More than 29 million Americans, including children and adults, are living with diabetes and its prevalence is still on the rise in the United States. Cardiovascular diseases (CVD) are the primary cause of mortality among diabetic patients, accounting for almost 2 out of 3 deaths. In particular, diabetes aggravates the development of atherosclerosis, which is the usual cause of heart attack, stroke, and peripheral vascular diseases. Thus, minimization of the risk of CVD is a critical clinical goal in the management of diabetic patients. To date, no particular diabetes medication or combination of medications is considered superior to afford cardiovascular benefits. An increasing body of studies, including ours, uncovered evidence that KLF11 is a key factor in regulating glucose signaling in pancreatic ?-cells and hepatic lipid metabolism. KLF11 gene polymorphisms are associated with human T2D. Indeed, KLF11 gene mutation causes MODY7, an early-onset T2D. However, the functions and detailed mechanisms of KLF11 in diabetes-associated cardiovascular complications remain largely unexploited. Our preliminary work identifies KLF11 as an anti-inflammatory factor in endothelial cells (EC) and here we present evidences that KLF11 is a glucose responsive gene, displays potent antioxidant and anti-inflammatory effects in EC in vitro and KLF11 deficiency aggravates diabetic atherosclerosis in vivo. Hence, we hypothesize that KLF11 protects the vasculature from atherogenesis by inhibiting endothelial cell oxidative stress through TXNIP, to be addressed by systematically implementing gain- and loss-of-KLF11 function strategies both in vitro and in vivo under diabetic and euglycemic conditions. First, we will define the role and molecular mechanisms of KLF11 in ECs oxidative stress in vitro (Aim 1). Next, leveraging our unique EC-specific KLF11 transgenic and knockout mouse models, available and specifically generated for this study, we will determine the role of KLF11 in the development of diet-induced atherosclerosis (Aim 2). Based on preliminary results and the field at large, we expect that KLF11 exerts protective effects in diabetes-associated atherosclerosis mainly through modulating redox genes, especially down-regulating thioredoxin interacting protein (TXNIP) in the presence of proatherogenic stimuli. This study will provide greater mechanistic insight into the overall KLF11 biology in the endothelium and, together with the new resources generated, will aid in future design of novel drugs to treat diabetes and associated CVD.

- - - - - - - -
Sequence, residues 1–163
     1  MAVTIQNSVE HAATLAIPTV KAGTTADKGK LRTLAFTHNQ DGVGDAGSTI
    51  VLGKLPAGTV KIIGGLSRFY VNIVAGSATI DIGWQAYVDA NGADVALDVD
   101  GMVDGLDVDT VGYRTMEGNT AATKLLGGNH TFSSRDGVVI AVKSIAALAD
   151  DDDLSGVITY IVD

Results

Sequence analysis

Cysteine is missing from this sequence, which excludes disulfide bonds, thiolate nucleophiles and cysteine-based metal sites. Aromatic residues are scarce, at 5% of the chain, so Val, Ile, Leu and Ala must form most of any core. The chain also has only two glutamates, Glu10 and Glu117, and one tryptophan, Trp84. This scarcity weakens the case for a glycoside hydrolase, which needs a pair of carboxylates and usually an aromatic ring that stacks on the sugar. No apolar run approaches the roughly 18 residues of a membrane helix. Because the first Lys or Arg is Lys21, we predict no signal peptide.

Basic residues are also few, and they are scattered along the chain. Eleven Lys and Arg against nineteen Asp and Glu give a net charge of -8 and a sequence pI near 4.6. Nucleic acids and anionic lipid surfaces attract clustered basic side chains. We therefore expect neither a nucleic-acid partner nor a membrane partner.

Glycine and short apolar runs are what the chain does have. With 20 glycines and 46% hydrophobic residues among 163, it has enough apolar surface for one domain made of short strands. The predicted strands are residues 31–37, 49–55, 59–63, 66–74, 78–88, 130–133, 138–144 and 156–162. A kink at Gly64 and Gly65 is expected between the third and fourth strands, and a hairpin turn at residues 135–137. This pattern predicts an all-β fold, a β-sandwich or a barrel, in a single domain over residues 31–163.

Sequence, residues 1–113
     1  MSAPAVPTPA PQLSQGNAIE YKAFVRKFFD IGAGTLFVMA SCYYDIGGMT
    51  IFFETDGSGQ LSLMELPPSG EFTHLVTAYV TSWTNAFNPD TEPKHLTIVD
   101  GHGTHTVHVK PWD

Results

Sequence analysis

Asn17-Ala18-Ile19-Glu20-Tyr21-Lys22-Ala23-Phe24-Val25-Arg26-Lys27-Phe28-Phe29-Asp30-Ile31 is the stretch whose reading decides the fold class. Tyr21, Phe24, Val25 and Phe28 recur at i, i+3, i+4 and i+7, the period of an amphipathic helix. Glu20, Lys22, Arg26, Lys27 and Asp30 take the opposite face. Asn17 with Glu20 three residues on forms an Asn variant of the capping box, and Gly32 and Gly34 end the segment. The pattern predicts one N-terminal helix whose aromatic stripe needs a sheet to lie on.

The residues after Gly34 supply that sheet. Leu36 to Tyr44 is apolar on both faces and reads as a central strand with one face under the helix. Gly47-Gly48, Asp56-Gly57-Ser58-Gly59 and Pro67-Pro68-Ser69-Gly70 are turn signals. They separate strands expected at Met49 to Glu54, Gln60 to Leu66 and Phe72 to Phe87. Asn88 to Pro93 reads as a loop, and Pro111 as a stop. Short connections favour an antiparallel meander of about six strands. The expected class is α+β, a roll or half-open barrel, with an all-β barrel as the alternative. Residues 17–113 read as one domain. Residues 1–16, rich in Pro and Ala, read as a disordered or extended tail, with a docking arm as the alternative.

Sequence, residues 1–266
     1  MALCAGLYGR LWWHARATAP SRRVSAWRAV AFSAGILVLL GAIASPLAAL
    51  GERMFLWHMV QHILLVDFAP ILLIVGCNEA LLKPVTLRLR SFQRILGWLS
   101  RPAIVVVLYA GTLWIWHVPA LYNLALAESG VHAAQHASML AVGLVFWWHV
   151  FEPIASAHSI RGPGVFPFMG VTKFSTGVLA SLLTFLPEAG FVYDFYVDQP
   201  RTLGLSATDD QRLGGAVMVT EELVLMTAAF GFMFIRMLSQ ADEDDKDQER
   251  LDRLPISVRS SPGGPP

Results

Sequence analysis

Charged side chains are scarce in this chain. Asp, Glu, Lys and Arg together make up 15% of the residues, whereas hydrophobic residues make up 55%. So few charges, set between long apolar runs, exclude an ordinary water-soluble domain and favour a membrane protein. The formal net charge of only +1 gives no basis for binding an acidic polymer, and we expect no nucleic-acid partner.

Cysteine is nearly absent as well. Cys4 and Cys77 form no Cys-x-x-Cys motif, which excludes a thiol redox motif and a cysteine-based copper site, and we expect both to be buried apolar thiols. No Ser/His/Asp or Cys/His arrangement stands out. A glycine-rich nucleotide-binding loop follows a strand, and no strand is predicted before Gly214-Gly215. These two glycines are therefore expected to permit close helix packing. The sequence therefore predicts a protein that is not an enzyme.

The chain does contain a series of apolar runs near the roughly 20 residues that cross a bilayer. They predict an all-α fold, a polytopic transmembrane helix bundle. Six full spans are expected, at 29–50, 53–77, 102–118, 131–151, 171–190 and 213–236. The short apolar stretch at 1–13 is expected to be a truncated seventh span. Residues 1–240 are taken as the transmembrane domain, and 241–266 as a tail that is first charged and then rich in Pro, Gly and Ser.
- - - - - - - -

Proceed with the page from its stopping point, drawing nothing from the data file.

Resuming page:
Krppel-like factor 11 (KLF11) gene mutations causes an early-onset type 2 diabetes mellitus, MODY7 (maturity-onset diabetes of the young, type VII). We propose to define the protective roles and underlying molecular mechanisms of KLF11 on vascular endothelial cells in atherosclerosis, which is the primary cause of mortality among diabetic patients. The proposed work will have profound implications regarding the maintenance of vascular homeostasis and treatment of CVD associated with diabetes.